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March 10, 2008 20:09 - Google Hacking Becomes Easier With New Tool

What is "Google hacking"? It isn't about hacking into Google's website, but refers to a sophisticated searching technique used to uncover flaws in the way Web sites handle confidential details, such as public files containing password and credit card numbers and clues about the vulnerability of the site's own servers.

Thanks to a program that automates what has typically been a lot of manual labor, this has now got a lot easier.

The Cult of the Dead Cow (cDc) hacker group has released this open-source tool, called Goolag Scan. They say it is designed to enable IT workers to quickly scan their Web sites for security vulnerabilities and at-risk sensitive data, using a collection of specially crafted Google search terms. The group has acknowledged that the tool could also be used by malicious attackers to look for vulnerable Web sites.

The process of so-called Google hacking is already well known, largely due to the efforts of Johnny "I Hack Stuff" Long, whose presentation on the subject have become a fixture at conferences, such as Black Hat. CDc's Goolag Scan allows unskilled hackers or the simply curious to use the same techniques.

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March 19, 2008 21:24 - Phorm.. The New Threat To Our Privacy

Sir Tim Berners-Lee, Father of the Internet, has raised privacy concerns about web tracking systems, as major British internet service providers, including Talk Talk, BT and Virgin, consider adopting a web tracking service provided by a company called Phorm.

Phorm offers personalised advertisements for customers by tracking their web surfing, which could radically alter advertising on the internet.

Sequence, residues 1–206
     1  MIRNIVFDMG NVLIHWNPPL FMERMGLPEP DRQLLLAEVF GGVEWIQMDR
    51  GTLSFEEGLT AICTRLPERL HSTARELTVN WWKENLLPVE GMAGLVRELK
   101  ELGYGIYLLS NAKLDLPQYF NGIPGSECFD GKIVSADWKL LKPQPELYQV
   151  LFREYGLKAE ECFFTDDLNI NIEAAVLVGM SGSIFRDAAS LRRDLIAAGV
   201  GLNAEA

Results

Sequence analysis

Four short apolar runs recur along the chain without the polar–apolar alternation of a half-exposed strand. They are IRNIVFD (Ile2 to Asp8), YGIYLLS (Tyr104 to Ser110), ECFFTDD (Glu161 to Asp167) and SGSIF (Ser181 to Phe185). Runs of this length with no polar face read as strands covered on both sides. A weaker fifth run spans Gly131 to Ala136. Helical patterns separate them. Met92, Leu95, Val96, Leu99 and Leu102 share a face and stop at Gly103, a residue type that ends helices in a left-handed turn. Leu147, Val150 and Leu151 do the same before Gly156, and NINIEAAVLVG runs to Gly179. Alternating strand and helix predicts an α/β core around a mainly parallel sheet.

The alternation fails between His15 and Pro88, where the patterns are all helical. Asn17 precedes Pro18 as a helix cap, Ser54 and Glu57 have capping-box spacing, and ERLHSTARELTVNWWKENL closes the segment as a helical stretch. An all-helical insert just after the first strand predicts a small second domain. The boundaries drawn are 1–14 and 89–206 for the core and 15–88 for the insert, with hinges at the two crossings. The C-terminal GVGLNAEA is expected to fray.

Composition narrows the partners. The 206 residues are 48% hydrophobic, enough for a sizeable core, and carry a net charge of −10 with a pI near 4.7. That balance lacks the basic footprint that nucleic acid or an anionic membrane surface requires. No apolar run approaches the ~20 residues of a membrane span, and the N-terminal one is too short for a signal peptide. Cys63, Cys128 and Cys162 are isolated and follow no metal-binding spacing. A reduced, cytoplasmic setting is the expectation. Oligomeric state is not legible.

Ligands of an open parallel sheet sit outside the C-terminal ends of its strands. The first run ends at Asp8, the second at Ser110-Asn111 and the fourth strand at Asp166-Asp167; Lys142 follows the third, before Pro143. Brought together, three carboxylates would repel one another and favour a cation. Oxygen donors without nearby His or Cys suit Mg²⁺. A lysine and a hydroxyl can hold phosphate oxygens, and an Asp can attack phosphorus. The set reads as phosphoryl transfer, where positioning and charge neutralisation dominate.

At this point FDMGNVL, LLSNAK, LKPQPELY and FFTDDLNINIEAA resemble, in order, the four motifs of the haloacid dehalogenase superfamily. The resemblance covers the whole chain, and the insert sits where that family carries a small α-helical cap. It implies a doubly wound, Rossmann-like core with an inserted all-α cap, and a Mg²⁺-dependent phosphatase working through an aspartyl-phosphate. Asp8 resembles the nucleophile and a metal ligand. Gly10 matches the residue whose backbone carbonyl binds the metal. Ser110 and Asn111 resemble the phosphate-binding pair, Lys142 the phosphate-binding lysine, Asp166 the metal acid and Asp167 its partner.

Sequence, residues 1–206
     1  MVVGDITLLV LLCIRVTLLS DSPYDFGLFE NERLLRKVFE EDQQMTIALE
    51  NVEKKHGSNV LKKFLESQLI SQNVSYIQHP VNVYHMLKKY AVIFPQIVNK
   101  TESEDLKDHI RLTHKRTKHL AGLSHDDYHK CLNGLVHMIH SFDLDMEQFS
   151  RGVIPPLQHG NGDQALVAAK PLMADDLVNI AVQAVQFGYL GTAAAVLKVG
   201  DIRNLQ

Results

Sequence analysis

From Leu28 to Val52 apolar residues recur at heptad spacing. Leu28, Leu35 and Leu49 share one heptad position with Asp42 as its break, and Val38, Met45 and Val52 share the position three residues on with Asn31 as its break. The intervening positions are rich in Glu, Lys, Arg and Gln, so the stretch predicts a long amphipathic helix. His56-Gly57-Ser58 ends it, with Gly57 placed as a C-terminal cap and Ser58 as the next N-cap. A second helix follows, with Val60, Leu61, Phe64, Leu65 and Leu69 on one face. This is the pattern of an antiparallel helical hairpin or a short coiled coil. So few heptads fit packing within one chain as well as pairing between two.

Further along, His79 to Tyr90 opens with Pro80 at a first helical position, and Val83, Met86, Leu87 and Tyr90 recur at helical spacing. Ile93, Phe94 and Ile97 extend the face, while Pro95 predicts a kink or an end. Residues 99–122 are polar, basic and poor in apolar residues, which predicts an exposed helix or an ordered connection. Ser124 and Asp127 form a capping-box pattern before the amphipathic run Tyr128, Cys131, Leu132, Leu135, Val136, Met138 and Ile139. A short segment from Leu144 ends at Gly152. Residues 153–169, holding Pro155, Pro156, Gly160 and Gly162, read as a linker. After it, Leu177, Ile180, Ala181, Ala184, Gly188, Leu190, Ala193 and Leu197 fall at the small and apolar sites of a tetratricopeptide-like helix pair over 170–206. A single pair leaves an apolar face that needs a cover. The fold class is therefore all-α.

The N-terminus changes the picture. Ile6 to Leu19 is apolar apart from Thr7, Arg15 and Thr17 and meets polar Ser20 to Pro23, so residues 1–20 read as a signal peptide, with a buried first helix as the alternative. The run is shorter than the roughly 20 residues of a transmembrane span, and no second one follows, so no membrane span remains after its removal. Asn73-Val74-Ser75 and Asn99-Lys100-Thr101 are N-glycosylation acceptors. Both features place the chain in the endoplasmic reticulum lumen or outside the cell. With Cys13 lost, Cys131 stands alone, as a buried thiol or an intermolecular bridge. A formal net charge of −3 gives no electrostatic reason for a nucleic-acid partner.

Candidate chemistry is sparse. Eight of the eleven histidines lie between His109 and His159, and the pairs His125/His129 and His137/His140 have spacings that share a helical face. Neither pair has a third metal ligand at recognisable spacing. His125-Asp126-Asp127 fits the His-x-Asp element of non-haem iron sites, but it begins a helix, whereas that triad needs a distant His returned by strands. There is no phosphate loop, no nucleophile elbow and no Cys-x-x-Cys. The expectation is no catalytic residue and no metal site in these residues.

A report commissioned by Phorm and carried out by two respected privacy campaigners said sensitive user data should not be collected by the tool. Phorm has said e-mails, credit card details and information on secure websites would not be tracked and analysed.

But the interim privacy impact assessment report, written by Simon Davies and Gus Hosein, of 80/20 Thinking Ltd, said the company should go further and "Information from websites and queries regarding sexual content, political preferences, medical health, racial origin should be blocked from processing."

Sir Tim said it was fundamental that a web surfer's browsing history belonged to him, and not the ISP. He said, "It's mine - you can't have it. If you want to use it for something, then you have to negotiate with me. I have to agree, I have to understand what I'm getting in return."

Further criticism came from The Foundation for Information Policy Research, an influential UK think-tank, which has sent an open letter to the Information Commissioner, Richard Thomas, stating that Phorm is illegal in Britain.

It is the view of the Foundation that Phorm's system would leave the ISPs open to class action suits and charges of processing data illegally. Furthermore, under Europe's comprehensive data protection laws, the use of such a system requires the explicit permission of individual customers using an "opt-in".

Even more significantly, it says "the Phorm system will be "intercepting" traffic within the meaning of Section 1 of the Regulation of Investigatory Powers Act 2000. In order for this to be lawful then permission is needed from not only the person making the web request but also from the operator of the web site involved (and if it is a web-mail system, the sender of the email as well)."

Does this mean we have some protection against this nasty agglomeration of covert surveillance and corporate greed? I'll keep you updated.

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